No Victor, No Vanquished?


The deal ended the worst fighting the country has seen since the 1975-1990 Civil War, leaving up to 80 dead during two weeks of bitter clashes in Beirut and Tripoli. The eruption followed the Siniora Government’s decision to shut down Hezbollah’s private telephone network and remove the security chief at Beirut International Airport, who is close to Hezbollah.

Calling the Government’s action a "declaration of war", the Hezbollah-led Opposition took to the streets in protest. In the ensuing clashes, Hezbollah fighters swept pro-Government militias aside, quickly overrunning their areas before handing them over to the control of the Army, which had stayed out of the fighting.

For its part, Hezbollah, which is classified as a terrorist group by the United States, insisted its communication network played a vital role in its "victory" during the 2006 war with Israel and accused the Government of endangering the country’s security.

Yet the escalation found its part in a far larger crisis. Lebanon had faced political paralysis since November 2006, when the pro-Syrian Opposition led by Hezbollah withdrew from a national unity coalition cabinet, demanding more power. What ensued was an 18-month sit-in by the Opposition that targeted the headquarters of the Western-backed Government and brought downtown Beirut to a standstill. The political freeze then deepened further when both sides failed to agree on a new presidential candidate upon the expiration of Emile Lahoud’s term in November 2007.

Having underestimated Hezbollah’s response, the Government finally annulled its two decisions citing the "higher national interest" amid fears that the country was sliding irreversibly towards civil war. At the same time, the Arab League – headed by a delegation of eight foreign ministers – held talks with the two sides in a bid to find a solution.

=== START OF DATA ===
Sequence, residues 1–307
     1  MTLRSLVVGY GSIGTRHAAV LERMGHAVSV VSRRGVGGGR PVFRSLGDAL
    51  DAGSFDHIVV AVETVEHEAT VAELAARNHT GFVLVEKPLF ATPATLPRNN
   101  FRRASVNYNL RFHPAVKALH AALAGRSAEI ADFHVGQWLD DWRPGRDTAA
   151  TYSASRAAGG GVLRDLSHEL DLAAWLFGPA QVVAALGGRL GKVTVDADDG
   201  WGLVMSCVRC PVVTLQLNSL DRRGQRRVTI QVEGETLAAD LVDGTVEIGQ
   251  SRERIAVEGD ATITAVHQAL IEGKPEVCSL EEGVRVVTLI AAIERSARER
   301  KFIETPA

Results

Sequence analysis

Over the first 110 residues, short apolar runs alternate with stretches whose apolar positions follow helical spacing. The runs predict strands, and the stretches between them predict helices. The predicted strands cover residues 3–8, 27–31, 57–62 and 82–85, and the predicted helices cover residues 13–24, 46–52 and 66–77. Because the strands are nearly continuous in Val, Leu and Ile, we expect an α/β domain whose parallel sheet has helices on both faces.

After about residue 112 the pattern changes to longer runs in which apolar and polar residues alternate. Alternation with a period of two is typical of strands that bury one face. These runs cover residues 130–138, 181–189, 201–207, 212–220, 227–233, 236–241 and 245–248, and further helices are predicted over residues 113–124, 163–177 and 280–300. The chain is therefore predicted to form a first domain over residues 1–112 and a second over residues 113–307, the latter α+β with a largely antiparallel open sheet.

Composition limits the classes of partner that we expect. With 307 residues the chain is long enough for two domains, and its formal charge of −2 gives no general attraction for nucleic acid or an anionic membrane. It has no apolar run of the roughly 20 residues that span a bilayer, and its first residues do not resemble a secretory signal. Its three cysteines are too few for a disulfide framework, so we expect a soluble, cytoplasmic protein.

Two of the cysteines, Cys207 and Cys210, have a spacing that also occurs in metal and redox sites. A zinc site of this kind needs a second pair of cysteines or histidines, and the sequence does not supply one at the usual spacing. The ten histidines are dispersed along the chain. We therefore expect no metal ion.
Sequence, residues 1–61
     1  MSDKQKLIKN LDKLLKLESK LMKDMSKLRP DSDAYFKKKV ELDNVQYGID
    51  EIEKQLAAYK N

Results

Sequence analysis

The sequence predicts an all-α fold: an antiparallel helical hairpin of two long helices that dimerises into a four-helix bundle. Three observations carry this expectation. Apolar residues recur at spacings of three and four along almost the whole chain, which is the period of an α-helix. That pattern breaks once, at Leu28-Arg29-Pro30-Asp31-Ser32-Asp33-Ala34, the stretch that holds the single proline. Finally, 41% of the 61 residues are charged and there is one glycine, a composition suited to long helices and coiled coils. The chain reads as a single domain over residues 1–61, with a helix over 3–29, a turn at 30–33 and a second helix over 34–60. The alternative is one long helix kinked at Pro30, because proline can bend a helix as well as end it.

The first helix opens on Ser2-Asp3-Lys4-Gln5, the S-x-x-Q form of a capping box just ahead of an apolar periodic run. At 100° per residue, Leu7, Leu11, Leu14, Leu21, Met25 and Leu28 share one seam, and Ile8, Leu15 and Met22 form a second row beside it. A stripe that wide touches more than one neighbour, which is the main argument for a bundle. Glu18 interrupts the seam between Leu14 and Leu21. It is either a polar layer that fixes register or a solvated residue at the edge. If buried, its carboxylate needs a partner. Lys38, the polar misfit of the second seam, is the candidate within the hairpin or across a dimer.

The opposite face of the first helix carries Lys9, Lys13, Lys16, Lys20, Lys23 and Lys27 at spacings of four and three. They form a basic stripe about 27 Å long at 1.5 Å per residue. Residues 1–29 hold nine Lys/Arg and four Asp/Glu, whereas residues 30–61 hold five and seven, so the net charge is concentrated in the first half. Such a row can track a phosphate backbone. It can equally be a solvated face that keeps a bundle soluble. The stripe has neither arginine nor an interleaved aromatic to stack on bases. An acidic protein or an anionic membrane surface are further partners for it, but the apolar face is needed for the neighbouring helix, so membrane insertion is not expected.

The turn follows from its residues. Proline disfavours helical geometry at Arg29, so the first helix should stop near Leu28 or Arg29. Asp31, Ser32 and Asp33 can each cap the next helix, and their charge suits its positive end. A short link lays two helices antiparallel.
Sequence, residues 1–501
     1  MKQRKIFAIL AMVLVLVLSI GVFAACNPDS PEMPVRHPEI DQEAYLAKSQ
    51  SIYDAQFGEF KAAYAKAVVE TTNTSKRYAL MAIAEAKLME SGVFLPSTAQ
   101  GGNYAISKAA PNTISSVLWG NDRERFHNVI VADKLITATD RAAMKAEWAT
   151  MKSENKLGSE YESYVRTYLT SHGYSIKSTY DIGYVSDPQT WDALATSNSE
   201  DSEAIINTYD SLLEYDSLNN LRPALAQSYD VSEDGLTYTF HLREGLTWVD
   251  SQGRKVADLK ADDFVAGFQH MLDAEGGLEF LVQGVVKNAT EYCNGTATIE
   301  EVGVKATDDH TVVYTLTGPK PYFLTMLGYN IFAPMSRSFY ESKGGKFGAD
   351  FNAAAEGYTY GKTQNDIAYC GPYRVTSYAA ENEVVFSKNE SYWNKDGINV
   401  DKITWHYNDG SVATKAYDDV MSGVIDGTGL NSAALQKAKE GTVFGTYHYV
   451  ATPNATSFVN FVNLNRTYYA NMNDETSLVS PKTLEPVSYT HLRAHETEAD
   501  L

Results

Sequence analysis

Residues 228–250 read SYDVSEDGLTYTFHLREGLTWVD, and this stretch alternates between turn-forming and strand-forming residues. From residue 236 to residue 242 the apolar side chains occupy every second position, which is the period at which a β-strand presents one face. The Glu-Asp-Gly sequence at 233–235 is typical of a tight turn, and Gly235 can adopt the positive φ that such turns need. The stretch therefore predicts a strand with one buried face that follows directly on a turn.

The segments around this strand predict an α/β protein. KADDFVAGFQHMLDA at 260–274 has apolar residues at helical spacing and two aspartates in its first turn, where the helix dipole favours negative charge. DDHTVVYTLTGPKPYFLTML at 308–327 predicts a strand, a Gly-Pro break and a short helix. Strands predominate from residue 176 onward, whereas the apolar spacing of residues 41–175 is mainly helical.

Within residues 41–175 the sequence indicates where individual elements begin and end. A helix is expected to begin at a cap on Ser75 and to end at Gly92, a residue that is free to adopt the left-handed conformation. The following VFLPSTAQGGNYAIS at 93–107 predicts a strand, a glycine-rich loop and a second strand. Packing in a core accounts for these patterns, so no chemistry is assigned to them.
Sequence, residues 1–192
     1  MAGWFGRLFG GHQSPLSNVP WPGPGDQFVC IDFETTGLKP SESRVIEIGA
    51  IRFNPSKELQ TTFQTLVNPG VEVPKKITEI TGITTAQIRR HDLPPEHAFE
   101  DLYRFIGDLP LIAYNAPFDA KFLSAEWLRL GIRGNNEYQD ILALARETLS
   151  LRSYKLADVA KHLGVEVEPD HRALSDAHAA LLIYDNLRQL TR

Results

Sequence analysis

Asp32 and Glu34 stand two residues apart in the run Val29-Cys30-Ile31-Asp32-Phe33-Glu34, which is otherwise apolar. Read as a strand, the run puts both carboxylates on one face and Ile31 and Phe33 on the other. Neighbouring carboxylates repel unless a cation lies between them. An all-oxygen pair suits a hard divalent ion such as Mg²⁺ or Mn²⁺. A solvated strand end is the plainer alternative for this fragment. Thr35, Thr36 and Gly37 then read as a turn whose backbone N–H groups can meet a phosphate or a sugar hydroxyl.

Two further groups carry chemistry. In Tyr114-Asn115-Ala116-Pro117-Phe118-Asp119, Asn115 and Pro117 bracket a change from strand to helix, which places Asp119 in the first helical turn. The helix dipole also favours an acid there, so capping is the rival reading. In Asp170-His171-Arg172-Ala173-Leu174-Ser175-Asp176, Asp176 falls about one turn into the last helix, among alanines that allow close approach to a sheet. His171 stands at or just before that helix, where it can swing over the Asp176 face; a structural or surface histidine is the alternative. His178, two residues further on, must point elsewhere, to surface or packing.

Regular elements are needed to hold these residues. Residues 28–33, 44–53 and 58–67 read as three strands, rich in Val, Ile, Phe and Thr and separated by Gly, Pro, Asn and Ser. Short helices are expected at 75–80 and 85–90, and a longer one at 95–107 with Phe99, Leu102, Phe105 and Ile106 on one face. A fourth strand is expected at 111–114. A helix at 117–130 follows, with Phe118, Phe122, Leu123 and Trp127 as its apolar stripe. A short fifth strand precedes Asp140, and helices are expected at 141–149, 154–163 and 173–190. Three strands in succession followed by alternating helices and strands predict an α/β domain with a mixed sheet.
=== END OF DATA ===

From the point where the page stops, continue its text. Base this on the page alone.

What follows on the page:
At the behest of the tiny resource-rich State of Qatar in the Persian Gulf, both sides agreed to talks in Doha. Following five days of intense negotiations, an agreement was finally reached granting Hezbollah significant dividends.

Underlining its firm grip on the balance of power in Lebanon, the Western-backed Government agreed to all of Hezbollah’s conditions; most importantly, the formation of a national unity government that grants the group the right to veto any legislation it objects to.

This is a significant victory. Since 2006, the Government of Prime Minister Fouad Siniora, with Western support, had repeatedly rejected this demand. Having overplayed its hand, the Government’s abrupt climb down raised serious doubts about the efficacy of its strategy – in which it was seen to have pushed Hezbollah into a corner. Moreover, overt US support to the Government to the tune of more than $1 billion has raised questions about its role in the crisis.

Hezbollah, which is backed morally and financially by Syria and Iran, rejects calls to do away with its weapons, arguing that they are essential in the struggle against Israel. And while the Doha accord states that the "use of arms or violence is forbidden to settle political differences," Hezbollah had, until recently, fiercely adhered to its position of only using its weapons for resistance purposes and not internally.

Nevertheless, the former Army chief and President-elect Michel Suleiman is set to host a dialogue on Hezbollah’s weapons in the coming weeks. This is set to define the relationship between the "resistance" and the Lebanese State. For the March 14 Alliance that makes up the bulk of the Government, the issue of weapons tops the political agenda, and it is demanding action now.